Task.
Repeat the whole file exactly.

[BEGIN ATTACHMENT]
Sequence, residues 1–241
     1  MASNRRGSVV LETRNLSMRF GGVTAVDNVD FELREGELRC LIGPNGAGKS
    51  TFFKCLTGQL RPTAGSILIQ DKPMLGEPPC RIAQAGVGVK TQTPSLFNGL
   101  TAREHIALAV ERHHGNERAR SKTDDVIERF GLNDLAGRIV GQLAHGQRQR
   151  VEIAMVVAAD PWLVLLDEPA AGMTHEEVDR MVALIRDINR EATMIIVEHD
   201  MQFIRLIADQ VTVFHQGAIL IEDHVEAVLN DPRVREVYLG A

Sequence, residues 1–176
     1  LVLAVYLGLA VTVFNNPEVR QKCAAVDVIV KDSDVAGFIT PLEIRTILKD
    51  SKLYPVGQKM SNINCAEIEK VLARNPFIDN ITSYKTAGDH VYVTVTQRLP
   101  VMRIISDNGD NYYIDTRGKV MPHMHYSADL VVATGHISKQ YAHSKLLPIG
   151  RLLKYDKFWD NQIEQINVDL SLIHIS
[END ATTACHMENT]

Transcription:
Sequence, residues 1–241
     1  MASNRRGSVV LETRNLSMRF GGVTAVDNVD FELREGELRC LIGPNGAGKS
    51  TFFKCLTGQL RPTAGSILIQ DKPMLGEPPC RIAQAGVGVK TQTPSLFNGL
   101  TAREHIALAV ERHHGNERAR SKTDDVIERF GLNDLAGRIV GQLAHGQRQR
   151  VEIAMVVAAD PWLVLLDEPA AGMTHEEVDR MVALIRDINR EATMIIVEHD
   201  MQFIRLIADQ VTVFHQGAIL IEDHVEAVLN DPRVREVYLG A

Sequence, residues 1–176
     1  LVLAVYLGLA VTVFNNPEVR QKCAAVDVIV KDSDVAGFIT PLEIRTILKD
    51  SKLYPVGQKM SNINCAEIEK VLARNPFIDN ITSYKTAGDH VYVTVTQRLP
   101  VMRIISDNGD NYYIDTRGKV MPHMHYSADL VVATGHISKQ YAHSKLLPIG
   151  RLLKYDKFWD NQIEQINVDL SLIHIS